Sunday, June 11, 2017

Georgetown and Tenants Harbor, Maine

Here are a few working sketches that I completed while picking up some of my paintings from the Plein Air Painters of Maine show at the Georgetown Library.  It is such a beautiful area.

The sketchpad I use is a simple 11" by 14" Acid Free medium weight paper. This first page represents some quick sketches I made sitting on a granite bench right alongside an inlet.  I generally make a few quick compositional sketches of scenes I am considering as well as local sights that could turn into additional paintings or elements that I might add into the composition later.  In other words real local buildings or natural scenes that you wouldn't see from this point of view but that anyone familiar with the area would be recognized.

This was a grey day and quite windy, but enjoyable.  Two ducks kept me company the entire time I sketched.  One black, one white.  Both very busy fishing.  I'm going to change the mostly hidden modern car port for a lobster shack that I remember (or imagine I remember) from Higgins Beach.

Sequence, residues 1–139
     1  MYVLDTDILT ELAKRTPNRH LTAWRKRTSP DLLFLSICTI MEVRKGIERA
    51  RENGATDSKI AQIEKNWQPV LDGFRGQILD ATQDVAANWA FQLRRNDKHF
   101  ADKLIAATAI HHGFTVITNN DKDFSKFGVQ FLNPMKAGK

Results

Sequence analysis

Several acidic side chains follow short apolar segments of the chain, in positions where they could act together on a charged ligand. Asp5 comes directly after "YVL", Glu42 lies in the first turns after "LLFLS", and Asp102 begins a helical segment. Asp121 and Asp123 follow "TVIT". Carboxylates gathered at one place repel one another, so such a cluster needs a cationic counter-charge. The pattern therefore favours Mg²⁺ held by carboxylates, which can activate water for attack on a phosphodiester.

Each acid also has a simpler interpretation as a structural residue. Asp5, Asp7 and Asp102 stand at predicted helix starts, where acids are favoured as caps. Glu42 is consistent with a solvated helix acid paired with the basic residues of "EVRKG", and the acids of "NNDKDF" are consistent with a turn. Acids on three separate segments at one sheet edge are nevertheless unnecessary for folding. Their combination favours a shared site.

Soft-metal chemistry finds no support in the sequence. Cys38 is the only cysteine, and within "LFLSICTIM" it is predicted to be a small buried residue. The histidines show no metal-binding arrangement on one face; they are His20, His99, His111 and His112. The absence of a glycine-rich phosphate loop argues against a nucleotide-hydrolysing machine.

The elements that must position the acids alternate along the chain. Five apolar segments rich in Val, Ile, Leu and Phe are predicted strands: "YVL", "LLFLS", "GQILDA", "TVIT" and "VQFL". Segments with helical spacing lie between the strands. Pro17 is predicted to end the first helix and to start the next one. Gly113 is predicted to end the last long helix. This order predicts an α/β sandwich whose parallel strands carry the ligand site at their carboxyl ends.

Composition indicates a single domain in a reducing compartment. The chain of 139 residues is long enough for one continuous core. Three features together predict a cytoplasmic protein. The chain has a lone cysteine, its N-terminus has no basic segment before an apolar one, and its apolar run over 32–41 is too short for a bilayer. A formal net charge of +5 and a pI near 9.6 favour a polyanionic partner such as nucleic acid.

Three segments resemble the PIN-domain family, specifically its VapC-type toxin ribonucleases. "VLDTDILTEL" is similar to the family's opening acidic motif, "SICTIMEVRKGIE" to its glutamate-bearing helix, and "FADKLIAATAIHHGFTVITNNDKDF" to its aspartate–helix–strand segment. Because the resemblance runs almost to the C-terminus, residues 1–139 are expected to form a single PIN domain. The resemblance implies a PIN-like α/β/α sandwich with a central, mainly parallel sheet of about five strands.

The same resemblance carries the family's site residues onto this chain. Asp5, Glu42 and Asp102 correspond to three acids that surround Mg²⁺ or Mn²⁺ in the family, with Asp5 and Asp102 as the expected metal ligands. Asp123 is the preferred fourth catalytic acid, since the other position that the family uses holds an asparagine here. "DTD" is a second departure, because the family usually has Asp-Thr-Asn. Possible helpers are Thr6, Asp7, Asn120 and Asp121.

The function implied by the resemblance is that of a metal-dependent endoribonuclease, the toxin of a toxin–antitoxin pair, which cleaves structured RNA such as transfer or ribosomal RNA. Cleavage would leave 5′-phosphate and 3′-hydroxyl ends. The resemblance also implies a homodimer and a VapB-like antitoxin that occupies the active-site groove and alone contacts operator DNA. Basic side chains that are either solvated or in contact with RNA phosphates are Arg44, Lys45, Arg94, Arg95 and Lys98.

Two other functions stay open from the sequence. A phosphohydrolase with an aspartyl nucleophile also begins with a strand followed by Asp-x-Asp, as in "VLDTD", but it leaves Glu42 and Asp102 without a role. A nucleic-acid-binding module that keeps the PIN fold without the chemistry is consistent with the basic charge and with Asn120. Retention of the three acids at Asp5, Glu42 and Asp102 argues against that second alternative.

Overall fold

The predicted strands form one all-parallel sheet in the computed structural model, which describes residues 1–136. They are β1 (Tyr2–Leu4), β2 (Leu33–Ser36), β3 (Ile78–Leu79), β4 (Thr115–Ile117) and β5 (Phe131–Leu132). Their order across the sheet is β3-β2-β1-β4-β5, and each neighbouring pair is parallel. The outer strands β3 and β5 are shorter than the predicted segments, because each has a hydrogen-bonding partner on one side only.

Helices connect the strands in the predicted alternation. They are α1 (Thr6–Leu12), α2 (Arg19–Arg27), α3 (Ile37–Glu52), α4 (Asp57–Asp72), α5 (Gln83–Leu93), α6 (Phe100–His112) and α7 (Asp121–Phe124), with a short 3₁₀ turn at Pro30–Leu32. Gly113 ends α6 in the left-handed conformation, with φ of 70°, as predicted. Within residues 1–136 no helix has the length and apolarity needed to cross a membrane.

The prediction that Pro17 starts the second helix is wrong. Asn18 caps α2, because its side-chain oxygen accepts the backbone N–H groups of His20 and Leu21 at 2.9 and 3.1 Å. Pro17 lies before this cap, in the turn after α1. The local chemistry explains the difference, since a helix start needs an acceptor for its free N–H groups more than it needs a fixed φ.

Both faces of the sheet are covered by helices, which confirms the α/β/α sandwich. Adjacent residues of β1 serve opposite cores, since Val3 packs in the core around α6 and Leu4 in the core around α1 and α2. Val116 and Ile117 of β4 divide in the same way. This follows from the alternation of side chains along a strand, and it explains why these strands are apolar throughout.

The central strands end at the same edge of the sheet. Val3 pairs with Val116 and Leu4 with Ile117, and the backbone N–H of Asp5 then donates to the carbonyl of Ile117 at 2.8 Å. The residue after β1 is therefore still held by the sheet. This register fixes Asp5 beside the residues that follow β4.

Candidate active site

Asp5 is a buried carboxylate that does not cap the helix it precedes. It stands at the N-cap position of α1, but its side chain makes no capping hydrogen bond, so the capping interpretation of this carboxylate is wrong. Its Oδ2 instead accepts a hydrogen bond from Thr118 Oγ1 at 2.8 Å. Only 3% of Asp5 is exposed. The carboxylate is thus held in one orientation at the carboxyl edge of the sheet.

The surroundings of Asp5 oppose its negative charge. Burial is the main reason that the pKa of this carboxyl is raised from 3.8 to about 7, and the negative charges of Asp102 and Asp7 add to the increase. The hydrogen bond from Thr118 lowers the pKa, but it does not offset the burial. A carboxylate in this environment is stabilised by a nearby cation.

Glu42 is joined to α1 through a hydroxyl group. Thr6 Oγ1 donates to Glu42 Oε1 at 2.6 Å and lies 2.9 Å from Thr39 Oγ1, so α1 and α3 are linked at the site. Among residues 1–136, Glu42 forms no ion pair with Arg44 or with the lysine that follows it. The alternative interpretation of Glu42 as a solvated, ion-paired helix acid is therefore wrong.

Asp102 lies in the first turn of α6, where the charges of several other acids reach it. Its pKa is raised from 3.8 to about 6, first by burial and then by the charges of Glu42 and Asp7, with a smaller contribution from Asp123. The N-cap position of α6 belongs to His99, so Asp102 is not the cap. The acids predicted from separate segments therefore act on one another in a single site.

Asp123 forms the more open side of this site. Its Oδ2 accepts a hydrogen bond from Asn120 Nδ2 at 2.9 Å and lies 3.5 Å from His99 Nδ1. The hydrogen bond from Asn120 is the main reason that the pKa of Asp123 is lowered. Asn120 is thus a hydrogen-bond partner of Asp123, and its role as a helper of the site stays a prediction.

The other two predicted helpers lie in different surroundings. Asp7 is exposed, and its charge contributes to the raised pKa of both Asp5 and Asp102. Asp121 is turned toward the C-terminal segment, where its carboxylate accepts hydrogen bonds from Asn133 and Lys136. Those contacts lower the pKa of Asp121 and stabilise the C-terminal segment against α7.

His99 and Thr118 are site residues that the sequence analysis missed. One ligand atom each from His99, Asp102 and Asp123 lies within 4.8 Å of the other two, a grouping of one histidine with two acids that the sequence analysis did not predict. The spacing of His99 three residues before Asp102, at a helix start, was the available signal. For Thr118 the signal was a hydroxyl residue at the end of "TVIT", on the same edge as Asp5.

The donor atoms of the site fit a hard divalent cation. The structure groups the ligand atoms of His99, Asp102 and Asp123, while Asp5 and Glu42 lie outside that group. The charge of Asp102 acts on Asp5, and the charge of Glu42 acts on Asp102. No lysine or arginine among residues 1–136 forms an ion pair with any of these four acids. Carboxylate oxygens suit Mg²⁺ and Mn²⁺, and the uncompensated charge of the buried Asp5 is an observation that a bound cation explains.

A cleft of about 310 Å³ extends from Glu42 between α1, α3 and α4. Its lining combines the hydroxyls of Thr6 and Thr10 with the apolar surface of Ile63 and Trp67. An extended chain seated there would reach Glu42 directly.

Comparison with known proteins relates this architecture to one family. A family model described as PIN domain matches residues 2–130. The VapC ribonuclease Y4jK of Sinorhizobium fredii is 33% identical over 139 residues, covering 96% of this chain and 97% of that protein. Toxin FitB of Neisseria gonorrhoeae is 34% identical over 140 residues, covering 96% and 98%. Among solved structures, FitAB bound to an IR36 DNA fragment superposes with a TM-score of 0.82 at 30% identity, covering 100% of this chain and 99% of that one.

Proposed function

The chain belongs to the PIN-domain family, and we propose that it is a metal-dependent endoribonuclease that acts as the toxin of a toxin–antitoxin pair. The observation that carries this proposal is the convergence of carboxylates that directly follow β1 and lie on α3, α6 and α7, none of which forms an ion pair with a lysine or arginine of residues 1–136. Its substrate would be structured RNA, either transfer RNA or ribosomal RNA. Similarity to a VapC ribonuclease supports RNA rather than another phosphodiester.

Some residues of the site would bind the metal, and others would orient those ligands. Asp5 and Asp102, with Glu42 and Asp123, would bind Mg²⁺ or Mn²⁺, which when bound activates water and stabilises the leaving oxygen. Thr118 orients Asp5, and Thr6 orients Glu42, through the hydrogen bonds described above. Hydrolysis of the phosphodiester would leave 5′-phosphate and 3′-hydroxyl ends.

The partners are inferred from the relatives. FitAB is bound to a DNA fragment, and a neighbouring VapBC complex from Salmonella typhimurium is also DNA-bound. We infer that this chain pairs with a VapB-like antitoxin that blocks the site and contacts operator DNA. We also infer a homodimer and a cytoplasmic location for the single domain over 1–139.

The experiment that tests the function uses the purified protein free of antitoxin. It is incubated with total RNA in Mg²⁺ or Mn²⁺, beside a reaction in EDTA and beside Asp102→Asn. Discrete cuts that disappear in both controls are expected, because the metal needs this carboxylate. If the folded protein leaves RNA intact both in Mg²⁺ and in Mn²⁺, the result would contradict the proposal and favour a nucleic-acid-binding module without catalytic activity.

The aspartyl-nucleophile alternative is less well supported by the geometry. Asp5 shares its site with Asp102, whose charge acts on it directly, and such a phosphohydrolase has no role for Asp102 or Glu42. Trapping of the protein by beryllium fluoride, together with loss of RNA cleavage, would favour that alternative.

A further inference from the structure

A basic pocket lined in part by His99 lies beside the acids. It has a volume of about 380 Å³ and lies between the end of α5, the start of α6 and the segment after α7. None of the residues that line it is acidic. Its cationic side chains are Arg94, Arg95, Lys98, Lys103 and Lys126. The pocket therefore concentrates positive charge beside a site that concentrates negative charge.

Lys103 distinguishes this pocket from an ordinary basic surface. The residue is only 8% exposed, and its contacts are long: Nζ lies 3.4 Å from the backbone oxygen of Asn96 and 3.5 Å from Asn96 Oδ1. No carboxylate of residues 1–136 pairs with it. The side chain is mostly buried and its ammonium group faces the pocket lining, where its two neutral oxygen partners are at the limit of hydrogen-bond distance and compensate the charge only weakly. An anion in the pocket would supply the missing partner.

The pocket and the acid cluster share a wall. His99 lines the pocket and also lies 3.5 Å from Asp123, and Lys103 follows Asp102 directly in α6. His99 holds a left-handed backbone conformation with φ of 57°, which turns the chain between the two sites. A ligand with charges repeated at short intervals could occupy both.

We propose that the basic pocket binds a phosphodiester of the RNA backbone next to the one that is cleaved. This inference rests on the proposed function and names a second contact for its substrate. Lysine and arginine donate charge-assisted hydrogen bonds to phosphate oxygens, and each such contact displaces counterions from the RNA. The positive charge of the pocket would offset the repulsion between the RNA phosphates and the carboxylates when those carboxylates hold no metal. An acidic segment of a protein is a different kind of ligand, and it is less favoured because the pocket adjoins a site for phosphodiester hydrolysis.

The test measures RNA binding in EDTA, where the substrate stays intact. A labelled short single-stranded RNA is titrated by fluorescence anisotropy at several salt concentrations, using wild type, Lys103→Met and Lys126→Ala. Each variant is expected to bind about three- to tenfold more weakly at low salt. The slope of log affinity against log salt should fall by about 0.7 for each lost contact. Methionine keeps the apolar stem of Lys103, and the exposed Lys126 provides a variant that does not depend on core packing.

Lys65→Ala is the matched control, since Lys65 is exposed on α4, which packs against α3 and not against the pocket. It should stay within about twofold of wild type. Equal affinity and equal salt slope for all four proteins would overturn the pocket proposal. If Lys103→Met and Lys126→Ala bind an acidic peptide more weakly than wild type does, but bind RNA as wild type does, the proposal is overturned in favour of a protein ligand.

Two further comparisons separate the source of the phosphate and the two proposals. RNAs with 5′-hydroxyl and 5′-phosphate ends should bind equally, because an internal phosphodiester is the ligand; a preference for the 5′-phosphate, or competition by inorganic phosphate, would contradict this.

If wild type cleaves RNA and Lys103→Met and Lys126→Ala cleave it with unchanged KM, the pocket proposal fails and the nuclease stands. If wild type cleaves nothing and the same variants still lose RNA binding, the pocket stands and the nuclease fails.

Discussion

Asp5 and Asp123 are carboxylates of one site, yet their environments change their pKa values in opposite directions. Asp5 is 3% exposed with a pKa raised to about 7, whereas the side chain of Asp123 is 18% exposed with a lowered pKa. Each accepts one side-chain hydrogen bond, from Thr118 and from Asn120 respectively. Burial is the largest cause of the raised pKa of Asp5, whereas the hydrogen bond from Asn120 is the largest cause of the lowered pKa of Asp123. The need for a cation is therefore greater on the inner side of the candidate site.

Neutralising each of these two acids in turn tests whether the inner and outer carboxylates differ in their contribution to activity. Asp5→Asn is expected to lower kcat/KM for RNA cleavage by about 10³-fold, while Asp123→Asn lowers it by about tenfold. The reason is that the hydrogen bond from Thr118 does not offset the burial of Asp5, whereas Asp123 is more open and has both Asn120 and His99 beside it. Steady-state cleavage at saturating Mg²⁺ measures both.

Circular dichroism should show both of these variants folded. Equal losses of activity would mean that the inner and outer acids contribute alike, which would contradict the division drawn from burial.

I plan to adjust the patterns of the lobster traps in the final painting as I've begun at the bottom of the page.

The sketch below is of a working wharf in Georgetown.  I happened to stop by as the days catch was being brought up to the wharf and then loaded onto the waiting truck.  I'm going to move the boat unloading to the near side of the wharf in the final picture.

To the right in the margin is a sketch of some fascinating reflections in a small building next to me on the location of the sketch above.  I could see reflections as well as into the building and out the other side.  It reminded me of something that Andrew Wyeth might paint ( no pressure there :)  

I recently purchased the book Wyeth and Kuhners.  It was filled with many of working sketches leading up to the final paintings.   It was very interesting to "see" his thought process behind some of his finished paintings.  The older I get and the longer I paint, the more my appreciation of his work grows.

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